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{child_flags:editors_pick}New cache of WTP emails preview arguments in Wittich corruption trial

{child_byline} By Troy Carter Chronicle Staff Writer {/child_byline}

New court documents detail the argument Montana’s commissioner of political practices will make in the March 28 jury trial accusing Republican state Rep. Art Wittich of coordinating with a dark money attack group, a charge Wittich claims is baseless and politically motivated.

Commissioner of Political Practices Jon Motl sent the Lewis and Clark County District Court in Helena a second amended expert witness disclosure on Friday and provided reporters with a cache of thousands of emails between the National Right to Work Committee’s staff in Montana.

In his new filing, Motl said he will use a list of conservative candidates, including Wittich, who wanted a bevy of political services code-named “the works.” Motl alleges the list was produced by National Right to Work Committee staff and implemented in Montana by their staff member Christian Lefer.

Wittich said Tuesday that the list proves nothing.

“What level of evidence does he have that I was invited to anything or that I agreed to anything?” Wittich asked. “He’s picking up these disjointed tidbits, and he’s coming up with this grand theory. Nobody can even say who drafted that spreadsheet... And certainly no one can say that just because it said ‘wanted’ that the candidate was called and says, ‘Yes, I want that.’”

As commissioner, Motl used his powers to take Wittich into court after issuing a decision that alleged Wittich failed to report in-kind contributions from the nonprofit corporation Western Tradition Partnership during his 2010 campaign. WTP was operated in Montana by Lefer.

Motl declined to comment for this story. The Chronicle submitted a public records request for the cache of internal emails, including those he will use in court.

Among them is an email from Wittich to Lefer dated Jan. 8, 2010, with the subject line “my documents.”

“Christian, Here is my ‘long’ resume and draft announcement letter. I am still working on your Candidate profile. Let’s talk next week. Thanks, Art.”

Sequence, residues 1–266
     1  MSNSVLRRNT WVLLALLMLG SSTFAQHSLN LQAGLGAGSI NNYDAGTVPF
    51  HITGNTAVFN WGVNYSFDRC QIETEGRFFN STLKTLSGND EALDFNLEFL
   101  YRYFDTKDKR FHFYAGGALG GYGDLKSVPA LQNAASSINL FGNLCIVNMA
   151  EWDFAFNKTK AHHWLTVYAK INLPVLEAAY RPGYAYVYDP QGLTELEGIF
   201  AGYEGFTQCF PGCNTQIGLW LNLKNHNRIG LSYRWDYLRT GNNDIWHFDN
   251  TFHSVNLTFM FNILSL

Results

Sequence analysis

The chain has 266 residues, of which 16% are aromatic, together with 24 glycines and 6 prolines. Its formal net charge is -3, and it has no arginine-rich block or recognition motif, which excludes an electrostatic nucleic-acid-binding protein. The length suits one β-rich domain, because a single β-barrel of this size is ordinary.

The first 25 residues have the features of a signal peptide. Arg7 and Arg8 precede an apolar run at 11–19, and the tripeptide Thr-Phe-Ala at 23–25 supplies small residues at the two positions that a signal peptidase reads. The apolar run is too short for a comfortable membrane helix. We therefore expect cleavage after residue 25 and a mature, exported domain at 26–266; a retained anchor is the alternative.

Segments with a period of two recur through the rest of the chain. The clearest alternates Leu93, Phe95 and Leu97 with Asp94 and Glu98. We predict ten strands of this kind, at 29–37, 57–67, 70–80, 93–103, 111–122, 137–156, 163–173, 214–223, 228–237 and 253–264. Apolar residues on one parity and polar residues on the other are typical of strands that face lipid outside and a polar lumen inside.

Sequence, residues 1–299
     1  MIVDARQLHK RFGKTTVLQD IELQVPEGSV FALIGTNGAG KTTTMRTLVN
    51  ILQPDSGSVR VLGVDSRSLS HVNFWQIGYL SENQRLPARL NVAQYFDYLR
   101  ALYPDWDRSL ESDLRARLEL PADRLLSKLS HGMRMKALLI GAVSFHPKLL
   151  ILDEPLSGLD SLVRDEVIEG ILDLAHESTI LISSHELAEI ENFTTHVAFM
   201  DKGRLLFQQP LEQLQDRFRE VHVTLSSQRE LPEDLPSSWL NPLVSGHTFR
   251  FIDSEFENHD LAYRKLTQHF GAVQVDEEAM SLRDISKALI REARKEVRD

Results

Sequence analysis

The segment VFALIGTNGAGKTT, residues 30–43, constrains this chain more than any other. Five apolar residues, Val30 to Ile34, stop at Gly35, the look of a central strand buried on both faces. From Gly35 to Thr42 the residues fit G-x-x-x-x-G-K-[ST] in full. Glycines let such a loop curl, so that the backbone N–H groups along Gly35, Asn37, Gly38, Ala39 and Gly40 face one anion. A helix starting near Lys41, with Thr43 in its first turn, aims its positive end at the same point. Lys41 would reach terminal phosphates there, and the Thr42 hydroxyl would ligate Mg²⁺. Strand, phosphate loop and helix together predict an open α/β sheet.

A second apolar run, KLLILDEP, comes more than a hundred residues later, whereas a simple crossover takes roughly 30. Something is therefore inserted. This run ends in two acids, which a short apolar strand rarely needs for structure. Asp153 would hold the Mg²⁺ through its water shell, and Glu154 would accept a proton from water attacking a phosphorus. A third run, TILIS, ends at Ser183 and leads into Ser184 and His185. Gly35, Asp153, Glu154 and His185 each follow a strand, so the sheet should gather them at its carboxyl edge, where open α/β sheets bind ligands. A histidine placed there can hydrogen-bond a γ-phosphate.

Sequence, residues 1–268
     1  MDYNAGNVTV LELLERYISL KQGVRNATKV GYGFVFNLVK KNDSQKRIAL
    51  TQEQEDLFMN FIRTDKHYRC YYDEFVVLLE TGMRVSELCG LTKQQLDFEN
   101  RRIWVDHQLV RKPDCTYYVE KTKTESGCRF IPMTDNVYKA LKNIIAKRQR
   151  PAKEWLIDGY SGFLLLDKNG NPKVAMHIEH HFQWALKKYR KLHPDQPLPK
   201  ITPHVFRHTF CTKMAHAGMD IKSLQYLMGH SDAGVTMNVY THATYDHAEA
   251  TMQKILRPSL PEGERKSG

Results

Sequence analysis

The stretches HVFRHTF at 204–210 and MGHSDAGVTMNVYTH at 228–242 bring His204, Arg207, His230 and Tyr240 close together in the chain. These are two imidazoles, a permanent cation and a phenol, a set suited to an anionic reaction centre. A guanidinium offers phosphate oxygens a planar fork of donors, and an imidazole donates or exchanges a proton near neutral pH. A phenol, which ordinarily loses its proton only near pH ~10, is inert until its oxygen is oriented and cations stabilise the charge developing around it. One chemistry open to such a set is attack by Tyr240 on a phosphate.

Over the next two months, Wittich sent Lefer documents, photographs and bank account information used by Lefer’s staff to create Wittich’s campaign website. Wittich did report paying Lefer’s company, Direct Mail and Communications, for website work.

None of the emails released so far represent a clear connection between Wittich and third-party attack ads. But the emails do show Christian and Allison Lefer leading a small group of staff that also worked for and operated multiple nonprofit corporations with far-right wing agendas. In one email, Christian Lefer tells staff that they’re going to “go to town” on liberal Republicans.

“What does that have to do with me?” Wittich said. “Nobody investigates and does a business analysis of every one of their vendors. If this is the standard (Motl) needs to look at every print house in the state that has worked for a Democrat.”

Christian Lefer ran the consulting and creative side of the operations while his wife Allison (Andrews) Lefer oversaw production, according to an email Christian Lefer wrote. Simultaneously, Christian Lefer worked for the anti-union group National Right to Work Committee, taking orders from their government affairs director Dimitri Kesari, and founded the Montana Right to Work Committee, Western Tradition Partnership and others.

In 2008, “Christian Lefer wrote to selected conservative candidates announcing that he had ‘... developed a system of basic — but critical — campaign resources ...[nothing] like this has been done in Montana before,’” the commissioner wrote in the new filing.

Those services were part of a program the Lefers provided under the name “Smart Simple Campaigns,” which was provided to the candidates for free or at cost, according to their own literature.

Christian Lefer has not responded to the Chronicle’s requests for comment.

According to his court filing, Motl will testify that Wittich was provided at no charge voter information and a “walk list” developed by the Right to Work staff in March 2010.

“I got a mailing list and part of my payment to them was for data and a mailing list,” Wittich said. “If you go to any mail house, you don’t walk in and hand them a mailing list. That’s what’s included in the per price charge. Everyone acts like they have the secret sauce but it’s probably just secretary of state data.”

Montana law requires that third-party groups with paid staff disclose the value of their staff contributions to campaigns. These in-kind contributions are subject to the same limits as cash contributions.

“It will be my testimony, by opinion if necessary, that as a matter of fact Candidate Wittich interacted with or coordinated with WTP/RTW and its staffers in regard to the full range of the ‘works’ campaign he took, including by third party paid processional staff,” Motl said in court documents.

Wittich reiterated that he believes that Motl’s case is an attempt to smear him and other conservatives.



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Read related documents with this story at


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Troy Carter can be reached at 582-2630 or He’s on Twitter at @cartertroy.


Troy Carter covers politics and county government for the Chronicle.

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